Draw a square. A second square of the same size slides around the first always maintaining contact and keeping the same orientation. How far does the dot travel?

### Squares in Rectangles

##### Stage: 3 Challenge Level:

A 2 by 3 rectangle contains 8 squares and a 3 by 4 rectangle contains 20 squares. What size rectangle(s) contain(s) exactly 100 squares? Can you find them all?

### Up and Down Staircases

##### Stage: 2 Challenge Level:

One block is needed to make an up-and-down staircase, with one step up and one step down. How many blocks would be needed to build an up-and-down staircase with 5 steps up and 5 steps down?

### Games Related to Nim

##### Stage: 1, 2, 3 and 4

This article for teachers describes several games, found on the site, all of which have a related structure that can be used to develop the skills of strategic planning.

### Break it Up!

##### Stage: 1 and 2 Challenge Level:

In how many different ways can you break up a stick of 7 interlocking cubes? Now try with a stick of 8 cubes and a stick of 6 cubes.

### Rope Mat

##### Stage: 2 Challenge Level:

How many centimetres of rope will I need to make another mat just like the one I have here?

### Threesomes

##### Stage: 3 Challenge Level:

Imagine an infinitely large sheet of square dotty paper on which you can draw triangles of any size you wish (providing each vertex is on a dot). What areas is it/is it not possible to draw?

### Squares, Squares and More Squares

##### Stage: 3 Challenge Level:

Can you dissect a square into: 4, 7, 10, 13... other squares? 6, 9, 12, 15... other squares? 8, 11, 14... other squares?

### Sitting Round the Party Tables

##### Stage: 1 and 2 Challenge Level:

Sweets are given out to party-goers in a particular way. Investigate the total number of sweets received by people sitting in different positions.

### Cuboid Challenge

##### Stage: 3 Challenge Level:

What size square corners should be cut from a square piece of paper to make a box with the largest possible volume?

### Broken Toaster

##### Stage: 2 Short Challenge Level:

Only one side of a two-slice toaster is working. What is the quickest way to toast both sides of three slices of bread?

### Shear Magic

##### Stage: 3 Challenge Level:

What are the areas of these triangles? What do you notice? Can you generalise to other "families" of triangles?

### Walking the Squares

##### Stage: 2 Challenge Level:

Find a route from the outside to the inside of this square, stepping on as many tiles as possible.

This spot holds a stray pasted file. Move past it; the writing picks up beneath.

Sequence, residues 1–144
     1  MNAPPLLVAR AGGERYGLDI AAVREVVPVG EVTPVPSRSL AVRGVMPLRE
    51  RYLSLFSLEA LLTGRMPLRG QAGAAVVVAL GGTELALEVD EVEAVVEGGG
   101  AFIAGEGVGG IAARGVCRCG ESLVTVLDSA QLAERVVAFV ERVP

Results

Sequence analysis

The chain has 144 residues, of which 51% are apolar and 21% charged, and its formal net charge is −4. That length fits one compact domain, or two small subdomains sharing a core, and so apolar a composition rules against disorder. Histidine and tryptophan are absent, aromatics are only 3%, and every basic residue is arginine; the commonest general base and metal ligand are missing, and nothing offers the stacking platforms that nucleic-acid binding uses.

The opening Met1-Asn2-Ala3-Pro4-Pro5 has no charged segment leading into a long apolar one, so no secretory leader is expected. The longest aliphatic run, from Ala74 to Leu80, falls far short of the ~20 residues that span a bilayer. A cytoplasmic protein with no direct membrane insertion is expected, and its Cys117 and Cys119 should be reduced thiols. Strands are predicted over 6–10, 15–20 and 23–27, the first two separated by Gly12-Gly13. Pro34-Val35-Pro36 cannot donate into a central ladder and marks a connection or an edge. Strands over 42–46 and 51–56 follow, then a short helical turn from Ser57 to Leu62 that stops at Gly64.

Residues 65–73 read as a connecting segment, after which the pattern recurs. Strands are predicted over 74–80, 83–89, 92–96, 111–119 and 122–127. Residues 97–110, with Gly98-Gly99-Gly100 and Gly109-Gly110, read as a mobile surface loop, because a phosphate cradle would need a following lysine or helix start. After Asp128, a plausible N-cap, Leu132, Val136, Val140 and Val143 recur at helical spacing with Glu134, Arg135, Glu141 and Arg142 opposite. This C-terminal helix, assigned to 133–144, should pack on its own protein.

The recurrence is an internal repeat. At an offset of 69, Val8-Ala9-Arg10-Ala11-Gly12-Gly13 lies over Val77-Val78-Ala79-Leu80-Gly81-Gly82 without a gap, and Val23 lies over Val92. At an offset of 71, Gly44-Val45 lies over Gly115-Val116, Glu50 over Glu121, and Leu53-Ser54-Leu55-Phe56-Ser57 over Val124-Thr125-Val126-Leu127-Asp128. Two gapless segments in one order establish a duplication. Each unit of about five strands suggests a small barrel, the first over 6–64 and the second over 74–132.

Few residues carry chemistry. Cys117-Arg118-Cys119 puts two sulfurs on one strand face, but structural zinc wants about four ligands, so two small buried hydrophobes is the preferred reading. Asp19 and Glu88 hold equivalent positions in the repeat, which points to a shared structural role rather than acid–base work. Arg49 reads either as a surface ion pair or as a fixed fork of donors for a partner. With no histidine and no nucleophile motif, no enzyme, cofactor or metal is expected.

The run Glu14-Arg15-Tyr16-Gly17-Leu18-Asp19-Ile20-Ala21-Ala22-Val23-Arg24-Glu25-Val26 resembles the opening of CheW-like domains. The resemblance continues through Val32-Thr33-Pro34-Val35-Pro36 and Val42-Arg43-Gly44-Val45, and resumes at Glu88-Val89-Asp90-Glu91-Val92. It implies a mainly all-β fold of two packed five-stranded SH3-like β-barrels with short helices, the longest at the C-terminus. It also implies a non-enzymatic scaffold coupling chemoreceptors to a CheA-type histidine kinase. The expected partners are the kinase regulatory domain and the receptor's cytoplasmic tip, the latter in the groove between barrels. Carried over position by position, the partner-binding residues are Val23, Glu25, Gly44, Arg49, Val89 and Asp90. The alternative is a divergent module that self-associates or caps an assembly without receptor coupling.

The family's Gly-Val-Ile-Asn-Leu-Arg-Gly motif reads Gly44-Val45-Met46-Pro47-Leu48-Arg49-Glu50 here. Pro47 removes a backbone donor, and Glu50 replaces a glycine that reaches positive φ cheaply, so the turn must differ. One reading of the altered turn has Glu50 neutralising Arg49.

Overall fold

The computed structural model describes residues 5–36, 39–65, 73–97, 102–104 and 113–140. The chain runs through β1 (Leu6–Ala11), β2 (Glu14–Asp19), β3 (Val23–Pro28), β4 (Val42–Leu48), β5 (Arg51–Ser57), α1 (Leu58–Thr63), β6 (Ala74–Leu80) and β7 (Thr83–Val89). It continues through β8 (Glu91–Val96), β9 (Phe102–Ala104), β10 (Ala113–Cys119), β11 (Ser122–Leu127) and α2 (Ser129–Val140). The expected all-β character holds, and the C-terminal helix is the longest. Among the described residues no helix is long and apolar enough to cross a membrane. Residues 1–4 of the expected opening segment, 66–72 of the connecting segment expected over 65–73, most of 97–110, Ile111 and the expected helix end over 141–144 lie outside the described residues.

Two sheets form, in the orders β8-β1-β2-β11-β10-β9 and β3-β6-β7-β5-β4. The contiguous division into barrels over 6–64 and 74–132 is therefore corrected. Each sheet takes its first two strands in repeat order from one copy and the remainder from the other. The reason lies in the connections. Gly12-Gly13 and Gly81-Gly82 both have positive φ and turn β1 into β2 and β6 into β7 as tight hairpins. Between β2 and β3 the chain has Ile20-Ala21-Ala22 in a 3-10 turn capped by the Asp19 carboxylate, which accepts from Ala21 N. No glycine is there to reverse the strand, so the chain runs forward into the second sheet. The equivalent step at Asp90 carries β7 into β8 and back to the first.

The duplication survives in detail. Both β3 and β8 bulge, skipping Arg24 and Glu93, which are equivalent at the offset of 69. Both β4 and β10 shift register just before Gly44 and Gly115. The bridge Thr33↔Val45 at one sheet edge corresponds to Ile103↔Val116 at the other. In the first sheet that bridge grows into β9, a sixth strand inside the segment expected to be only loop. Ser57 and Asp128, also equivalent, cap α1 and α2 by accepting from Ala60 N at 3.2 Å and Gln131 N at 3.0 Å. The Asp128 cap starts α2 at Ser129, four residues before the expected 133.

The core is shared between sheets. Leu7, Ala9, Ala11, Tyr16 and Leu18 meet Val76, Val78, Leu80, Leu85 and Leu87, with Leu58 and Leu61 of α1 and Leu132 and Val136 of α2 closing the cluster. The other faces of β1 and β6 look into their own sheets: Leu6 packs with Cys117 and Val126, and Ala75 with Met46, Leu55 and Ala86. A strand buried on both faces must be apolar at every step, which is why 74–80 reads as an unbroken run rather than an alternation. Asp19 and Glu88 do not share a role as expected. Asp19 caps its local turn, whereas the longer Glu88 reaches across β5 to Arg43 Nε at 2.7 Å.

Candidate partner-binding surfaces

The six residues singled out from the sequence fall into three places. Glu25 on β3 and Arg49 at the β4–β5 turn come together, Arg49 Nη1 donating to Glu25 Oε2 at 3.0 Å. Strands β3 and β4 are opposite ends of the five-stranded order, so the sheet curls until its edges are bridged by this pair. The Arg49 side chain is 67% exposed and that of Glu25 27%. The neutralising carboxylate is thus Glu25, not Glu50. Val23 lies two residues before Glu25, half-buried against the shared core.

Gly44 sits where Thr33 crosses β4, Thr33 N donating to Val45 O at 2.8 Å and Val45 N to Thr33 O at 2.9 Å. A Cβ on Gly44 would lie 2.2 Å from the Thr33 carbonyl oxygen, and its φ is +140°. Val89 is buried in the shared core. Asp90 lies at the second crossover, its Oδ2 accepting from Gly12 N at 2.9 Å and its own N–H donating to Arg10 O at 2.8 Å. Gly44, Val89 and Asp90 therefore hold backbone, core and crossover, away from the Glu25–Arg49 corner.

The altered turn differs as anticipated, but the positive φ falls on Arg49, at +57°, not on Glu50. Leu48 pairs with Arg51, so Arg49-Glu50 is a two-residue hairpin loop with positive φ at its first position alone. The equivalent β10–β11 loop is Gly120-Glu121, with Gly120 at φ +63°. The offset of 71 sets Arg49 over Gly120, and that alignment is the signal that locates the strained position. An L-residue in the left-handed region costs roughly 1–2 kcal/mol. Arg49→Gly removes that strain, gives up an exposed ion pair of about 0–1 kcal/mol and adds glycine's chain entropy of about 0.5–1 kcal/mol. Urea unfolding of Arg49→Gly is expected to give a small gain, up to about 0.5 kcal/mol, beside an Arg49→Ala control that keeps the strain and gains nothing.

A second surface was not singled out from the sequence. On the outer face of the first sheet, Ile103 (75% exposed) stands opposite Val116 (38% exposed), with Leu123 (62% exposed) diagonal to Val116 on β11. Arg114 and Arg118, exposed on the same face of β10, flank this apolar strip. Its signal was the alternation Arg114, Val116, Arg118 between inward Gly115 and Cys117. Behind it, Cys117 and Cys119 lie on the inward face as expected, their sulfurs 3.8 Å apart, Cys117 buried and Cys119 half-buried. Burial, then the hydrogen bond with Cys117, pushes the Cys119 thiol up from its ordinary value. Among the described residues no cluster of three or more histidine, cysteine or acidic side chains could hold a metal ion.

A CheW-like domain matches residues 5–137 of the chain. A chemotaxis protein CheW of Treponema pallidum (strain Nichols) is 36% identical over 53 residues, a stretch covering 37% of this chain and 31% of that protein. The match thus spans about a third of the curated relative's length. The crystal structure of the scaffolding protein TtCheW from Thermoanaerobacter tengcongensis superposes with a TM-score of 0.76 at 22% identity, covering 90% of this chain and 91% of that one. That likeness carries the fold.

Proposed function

### Dice Stairs

##### Stage: 2 Challenge Level:

Can you make dice stairs using the rules stated? How do you know you have all the possible stairs?

### Tilted Squares

##### Stage: 3 Challenge Level:

It's easy to work out the areas of most squares that we meet, but what if they were tilted?

### Build it up More

##### Stage: 2 Challenge Level:

This task follows on from Build it Up and takes the ideas into three dimensions!

### Crossings

##### Stage: 2 Challenge Level:

In this problem we are looking at sets of parallel sticks that cross each other. What is the least number of crossings you can make? And the greatest?

### Build it Up

##### Stage: 2 Challenge Level:

Can you find all the ways to get 15 at the top of this triangle of numbers?

### Centred Squares

##### Stage: 2 Challenge Level:

This challenge, written for the Young Mathematicians' Award, invites you to explore 'centred squares'.

### Magic Constants

##### Stage: 2 Challenge Level:

In a Magic Square all the rows, columns and diagonals add to the 'Magic Constant'. How would you change the magic constant of this square?

### ...on the Wall

##### Stage: 3 Challenge Level:

Explore the effect of reflecting in two intersecting mirror lines.

### Tiling

##### Stage: 2 Challenge Level:

An investigation that gives you the opportunity to make and justify predictions.

### Fault-free Rectangles

##### Stage: 2 Challenge Level:

Find out what a "fault-free" rectangle is and try to make some of your own.

### Number Pyramids

##### Stage: 3 Challenge Level:

Try entering different sets of numbers in the number pyramids. How does the total at the top change?

### Spirals, Spirals

##### Stage: 2 Challenge Level:

Here are two kinds of spirals for you to explore. What do you notice?

### Always, Sometimes or Never?

##### Stage: 1 and 2 Challenge Level:

Are these statements relating to odd and even numbers always true, sometimes true or never true?

### Three Dice

##### Stage: 2 Challenge Level:

Investigate the sum of the numbers on the top and bottom faces of a line of three dice. What do you notice?